A FLAGSHIP gaelic school is set to appoint a new headteacher – who is from Sweden and does not speak gaelic.
Angry parents have criticised Highland Council after they decided to waive the mandatory condition that applicants for the post must be gaelic speakers.
Annika Jansson, who has been the acting head at the primary in Inverness, is now poised to take the top job and a salary of £48,000-a-year.
Critics of the likely appointment branded it as “ridiculous” and said it underlined the “futility” of the Scottish Government’s gaelic programme.
Bunsgoil Ghaidhlig Inbhir Nis – which translates as Bunsgoil Gaelic, Inverness – caters for 155 pupils and 70 nursery children. It cost £4m to build and opened five years ago.
Highland Council recently readvertised the head’s job, and dropped the language requirement, after failing to fill the post.
Ms Jansson, who joined the school in August 2010 is understood to be the sole candidate for the post, has an interview lined up on Monday.
Catherine Dickson, a former teacher at the school, said: “She [Ms Jansson] has been in the post for over two years.
“During the school day, pupils and staff are encouraged to speak in English when addressing the acting head-teacher.
“This goes completely against the Gaelic ethos the Highland Council have promised to preserve.”
Jim Crawford, an independent Inverness councillor, said: “To have a head teacher from Sweden in a Gaelic speaking school in the Highland Capital underlines the futility of the Gaelic programme.
“It’s outrageous, especially at a time when ordinary schools are considering cutting back to a four day week to save money.
“But it seems we’ll spend money on Gaelic willy nilly.
“It’s 100 per cent failed attempt by SNP to make us vote SNP. We’re all suppose to feel Scottish when we’re driving round the country side reading bilingual signs.
“The language was dead and Alex Salmond saw mileage in re-erecting it. Every council now has to spend money they don’t have on these bilingual signs. It’s ridiculous.”
But support for the school in the area is strong and campaigners want the council to keep looking for a gaelic speaker.
Dawn Morgan, chairwoman of the parent group, said: “Surely Highland Council could run an imaginative recruitment campaign that reaches into the wider Gaelic community.
“Council adverts have been in obscure locations that the council have been unwilling or unable to reveal and for short application periods – no wonder few heard about them in time.”
John Angus MacKay, head of Bord na Gaidhlig, the government’s advisory body, said: “There is absolutely no doubt that [we] want to see every Gaelic school run by Gaelic-speaking staff.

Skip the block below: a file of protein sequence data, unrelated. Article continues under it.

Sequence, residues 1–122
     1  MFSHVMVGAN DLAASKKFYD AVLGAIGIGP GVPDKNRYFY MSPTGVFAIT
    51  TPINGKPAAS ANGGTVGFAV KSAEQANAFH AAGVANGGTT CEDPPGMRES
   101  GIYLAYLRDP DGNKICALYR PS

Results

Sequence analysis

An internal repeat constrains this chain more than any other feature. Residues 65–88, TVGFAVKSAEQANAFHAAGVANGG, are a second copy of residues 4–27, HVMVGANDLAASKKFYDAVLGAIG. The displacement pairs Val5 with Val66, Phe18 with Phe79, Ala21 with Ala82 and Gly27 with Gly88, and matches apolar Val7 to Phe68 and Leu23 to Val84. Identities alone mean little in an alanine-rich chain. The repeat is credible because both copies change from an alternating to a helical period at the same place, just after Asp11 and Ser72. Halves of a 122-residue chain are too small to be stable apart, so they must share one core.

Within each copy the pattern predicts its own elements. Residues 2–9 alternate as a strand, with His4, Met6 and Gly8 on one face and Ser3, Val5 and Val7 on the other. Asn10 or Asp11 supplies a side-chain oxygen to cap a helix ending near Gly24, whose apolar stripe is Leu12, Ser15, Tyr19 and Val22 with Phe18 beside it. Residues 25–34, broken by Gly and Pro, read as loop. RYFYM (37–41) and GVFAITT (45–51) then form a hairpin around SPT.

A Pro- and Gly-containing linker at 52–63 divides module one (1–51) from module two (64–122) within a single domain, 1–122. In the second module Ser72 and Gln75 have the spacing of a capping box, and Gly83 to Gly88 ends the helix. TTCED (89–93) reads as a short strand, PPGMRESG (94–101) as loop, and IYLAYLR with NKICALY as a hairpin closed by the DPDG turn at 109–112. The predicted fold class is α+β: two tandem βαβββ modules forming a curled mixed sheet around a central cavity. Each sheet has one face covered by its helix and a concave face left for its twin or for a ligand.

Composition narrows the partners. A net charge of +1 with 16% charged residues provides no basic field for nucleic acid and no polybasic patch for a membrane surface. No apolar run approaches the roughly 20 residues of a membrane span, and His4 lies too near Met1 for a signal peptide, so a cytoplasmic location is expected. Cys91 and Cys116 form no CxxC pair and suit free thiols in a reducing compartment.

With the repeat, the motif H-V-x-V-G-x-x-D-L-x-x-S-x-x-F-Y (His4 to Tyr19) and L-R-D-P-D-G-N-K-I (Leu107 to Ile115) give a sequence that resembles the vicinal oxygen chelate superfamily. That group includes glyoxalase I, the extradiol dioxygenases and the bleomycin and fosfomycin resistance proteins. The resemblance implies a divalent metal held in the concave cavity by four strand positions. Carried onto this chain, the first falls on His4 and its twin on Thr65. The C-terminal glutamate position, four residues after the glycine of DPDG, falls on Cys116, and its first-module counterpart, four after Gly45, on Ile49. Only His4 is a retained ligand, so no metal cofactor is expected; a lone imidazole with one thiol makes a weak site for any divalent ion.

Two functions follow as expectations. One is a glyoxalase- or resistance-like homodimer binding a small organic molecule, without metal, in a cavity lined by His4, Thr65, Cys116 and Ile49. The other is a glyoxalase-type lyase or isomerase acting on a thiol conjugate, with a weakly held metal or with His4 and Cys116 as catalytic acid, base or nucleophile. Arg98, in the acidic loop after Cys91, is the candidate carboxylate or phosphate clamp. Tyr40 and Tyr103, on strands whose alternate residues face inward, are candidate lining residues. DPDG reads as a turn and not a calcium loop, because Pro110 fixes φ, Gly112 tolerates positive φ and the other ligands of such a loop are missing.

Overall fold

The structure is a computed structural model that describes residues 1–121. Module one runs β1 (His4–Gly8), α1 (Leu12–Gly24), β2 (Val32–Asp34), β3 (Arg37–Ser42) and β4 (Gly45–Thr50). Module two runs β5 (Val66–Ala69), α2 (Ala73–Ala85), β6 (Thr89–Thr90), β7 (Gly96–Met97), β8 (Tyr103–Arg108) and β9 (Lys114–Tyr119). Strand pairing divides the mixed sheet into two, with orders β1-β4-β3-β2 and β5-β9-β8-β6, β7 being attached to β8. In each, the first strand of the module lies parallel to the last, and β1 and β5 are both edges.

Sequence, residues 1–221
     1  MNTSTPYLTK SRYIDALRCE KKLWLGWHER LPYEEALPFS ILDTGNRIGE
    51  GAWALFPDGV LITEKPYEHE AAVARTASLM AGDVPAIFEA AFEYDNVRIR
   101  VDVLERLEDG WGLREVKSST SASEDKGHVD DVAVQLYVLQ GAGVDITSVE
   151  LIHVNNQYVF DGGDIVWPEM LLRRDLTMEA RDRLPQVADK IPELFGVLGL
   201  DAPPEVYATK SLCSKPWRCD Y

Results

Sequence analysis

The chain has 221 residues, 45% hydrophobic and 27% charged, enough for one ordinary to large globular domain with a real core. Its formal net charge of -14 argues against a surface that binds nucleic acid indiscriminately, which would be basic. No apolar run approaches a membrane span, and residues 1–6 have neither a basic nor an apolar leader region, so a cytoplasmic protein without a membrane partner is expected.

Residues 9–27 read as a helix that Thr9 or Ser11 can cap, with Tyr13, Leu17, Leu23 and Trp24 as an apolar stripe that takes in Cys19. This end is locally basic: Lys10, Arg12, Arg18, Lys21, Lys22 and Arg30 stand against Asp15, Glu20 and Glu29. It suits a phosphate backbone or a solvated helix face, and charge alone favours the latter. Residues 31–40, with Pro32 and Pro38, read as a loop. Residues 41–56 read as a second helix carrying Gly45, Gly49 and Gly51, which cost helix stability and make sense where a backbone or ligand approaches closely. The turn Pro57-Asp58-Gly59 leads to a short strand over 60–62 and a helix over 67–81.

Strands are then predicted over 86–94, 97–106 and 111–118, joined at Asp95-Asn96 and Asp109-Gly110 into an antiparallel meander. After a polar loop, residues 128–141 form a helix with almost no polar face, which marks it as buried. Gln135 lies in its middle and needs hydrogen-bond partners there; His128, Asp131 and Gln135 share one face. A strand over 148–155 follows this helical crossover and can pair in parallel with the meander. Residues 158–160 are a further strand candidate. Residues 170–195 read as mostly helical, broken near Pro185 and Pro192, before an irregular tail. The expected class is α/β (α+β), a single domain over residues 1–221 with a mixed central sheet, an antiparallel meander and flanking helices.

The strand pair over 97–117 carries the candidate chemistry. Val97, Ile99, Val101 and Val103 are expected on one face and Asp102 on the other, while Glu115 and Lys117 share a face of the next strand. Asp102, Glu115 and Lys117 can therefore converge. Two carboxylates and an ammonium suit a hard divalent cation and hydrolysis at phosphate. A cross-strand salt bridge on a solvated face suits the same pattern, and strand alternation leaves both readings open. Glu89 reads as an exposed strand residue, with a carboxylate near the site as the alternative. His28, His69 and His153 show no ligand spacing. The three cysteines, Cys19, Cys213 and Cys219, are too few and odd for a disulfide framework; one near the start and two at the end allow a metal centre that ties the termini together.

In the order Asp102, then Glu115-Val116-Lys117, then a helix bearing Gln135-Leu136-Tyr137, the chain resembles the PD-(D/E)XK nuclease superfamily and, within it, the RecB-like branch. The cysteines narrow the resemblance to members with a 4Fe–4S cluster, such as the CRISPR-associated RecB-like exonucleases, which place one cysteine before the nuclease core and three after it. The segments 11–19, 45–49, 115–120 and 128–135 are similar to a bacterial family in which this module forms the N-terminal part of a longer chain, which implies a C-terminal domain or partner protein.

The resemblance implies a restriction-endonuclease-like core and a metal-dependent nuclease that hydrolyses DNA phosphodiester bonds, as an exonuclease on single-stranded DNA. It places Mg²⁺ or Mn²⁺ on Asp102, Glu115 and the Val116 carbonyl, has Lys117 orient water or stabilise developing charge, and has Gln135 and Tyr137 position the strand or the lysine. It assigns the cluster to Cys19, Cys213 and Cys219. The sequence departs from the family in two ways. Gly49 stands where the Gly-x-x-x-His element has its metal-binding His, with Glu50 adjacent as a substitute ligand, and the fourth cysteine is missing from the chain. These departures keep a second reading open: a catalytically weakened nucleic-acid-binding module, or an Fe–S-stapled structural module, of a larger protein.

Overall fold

“But we are in a position that the means to that end are not always available and we have to work with others to create them.”
Alasdair Christie, chairman of the council’s adult and children’s services, justified Ms Jansson’s likely appointment on the grounds that her job is “managerial”.
He said: “The recruitment for the Gaelic school has been a difficult process and the post has been advertised many times in the past few years to try and attract suitable applicants.
“The head teacher is not a class-facing role – it is a managerial role.
“If a non-fluent Gaelic-speaking head teacher is appointed the council will put in place measures and processes to ensure the school continues to have the correct ethos.”
A Highland Council spokeswoman said: “It would be inappropriate for us to comment during an ongoing interview situation.
“But no decision has been made – Ms Jansson has not even had her interview yet.
“That will be up for the panel to decide.”
It is hoped Bunsgoil would lead to similar schools being built in Fort William and Portree, Skye.
But at the last census it was revealed that Scotland has just over 59,000 gaelic speakers, a decline of almost 7,000 in a decade.
Government spending on gaelic education has soared, increasing from £19.2million in 2009/10 to £21.7million in 2010–11.
And a gaelic school – Bun-sgoil Taobh na Pairce – is due to open in Edinburgh next August.
In June this year the government also came under fire for spending taxpayers’ cash on translating road signs into gaelic – even in areas where it is not widely spoken